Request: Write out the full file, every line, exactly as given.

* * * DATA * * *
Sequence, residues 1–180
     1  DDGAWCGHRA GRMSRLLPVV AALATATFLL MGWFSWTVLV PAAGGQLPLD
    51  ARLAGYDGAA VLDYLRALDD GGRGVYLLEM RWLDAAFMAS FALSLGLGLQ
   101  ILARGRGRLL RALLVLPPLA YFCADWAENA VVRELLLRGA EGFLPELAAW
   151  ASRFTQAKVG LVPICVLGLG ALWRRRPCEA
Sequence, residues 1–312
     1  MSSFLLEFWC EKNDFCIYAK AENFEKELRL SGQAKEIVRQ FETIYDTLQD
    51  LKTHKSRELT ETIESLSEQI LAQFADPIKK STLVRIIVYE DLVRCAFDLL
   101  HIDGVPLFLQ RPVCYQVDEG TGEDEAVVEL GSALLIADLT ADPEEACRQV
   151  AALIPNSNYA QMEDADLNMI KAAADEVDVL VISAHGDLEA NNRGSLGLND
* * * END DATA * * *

Sequence, residues 1–180
     1  DDGAWCGHRA GRMSRLLPVV AALATATFLL MGWFSWTVLV PAAGGQLPLD
    51  ARLAGYDGAA VLDYLRALDD GGRGVYLLEM RWLDAAFMAS FALSLGLGLQ
   101  ILARGRGRLL RALLVLPPLA YFCADWAENA VVRELLLRGA EGFLPELAAW
   151  ASRFTQAKVG LVPICVLGLG ALWRRRPCEA
Sequence, residues 1–312
     1  MSSFLLEFWC EKNDFCIYAK AENFEKELRL SGQAKEIVRQ FETIYDTLQD
    51  LKTHKSRELT ETIESLSEQI LAQFADPIKK STLVRIIVYE DLVRCAFDLL
   101  HIDGVPLFLQ RPVCYQVDEG TGEDEAVVEL GSALLIADLT ADPEEACRQV
   151  AALIPNSNYA QMEDADLNMI KAAADEVDVL VISAHGDLEA NNRGSLGLND